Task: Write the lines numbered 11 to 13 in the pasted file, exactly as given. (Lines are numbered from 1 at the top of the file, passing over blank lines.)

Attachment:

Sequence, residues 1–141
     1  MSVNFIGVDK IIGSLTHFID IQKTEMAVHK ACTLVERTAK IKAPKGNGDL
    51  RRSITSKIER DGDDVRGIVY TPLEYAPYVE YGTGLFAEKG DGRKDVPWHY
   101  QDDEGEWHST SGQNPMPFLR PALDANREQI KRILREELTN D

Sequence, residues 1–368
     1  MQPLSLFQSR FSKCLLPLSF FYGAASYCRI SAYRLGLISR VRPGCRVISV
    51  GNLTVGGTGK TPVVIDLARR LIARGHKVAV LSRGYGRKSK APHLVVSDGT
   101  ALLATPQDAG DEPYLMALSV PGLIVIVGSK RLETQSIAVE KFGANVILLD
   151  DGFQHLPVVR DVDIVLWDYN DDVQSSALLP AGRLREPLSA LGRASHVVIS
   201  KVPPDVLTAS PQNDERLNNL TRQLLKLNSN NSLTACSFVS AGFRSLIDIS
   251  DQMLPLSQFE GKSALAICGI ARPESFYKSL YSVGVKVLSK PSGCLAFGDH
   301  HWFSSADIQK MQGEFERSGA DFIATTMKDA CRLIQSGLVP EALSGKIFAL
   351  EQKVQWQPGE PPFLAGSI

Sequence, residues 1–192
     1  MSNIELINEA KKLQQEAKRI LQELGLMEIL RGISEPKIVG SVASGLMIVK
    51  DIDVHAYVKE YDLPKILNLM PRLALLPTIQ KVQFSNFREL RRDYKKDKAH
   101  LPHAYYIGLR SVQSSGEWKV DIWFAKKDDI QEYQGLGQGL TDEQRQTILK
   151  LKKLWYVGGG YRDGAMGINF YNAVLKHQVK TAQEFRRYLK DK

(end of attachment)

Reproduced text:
   251  DQMLPLSQFE GKSALAICGI ARPESFYKSL YSVGVKVLSK PSGCLAFGDH
   301  HWFSSADIQK MQGEFERSGA DFIATTMKDA CRLIQSGLVP EALSGKIFAL
   351  EQKVQWQPGE PPFLAGSI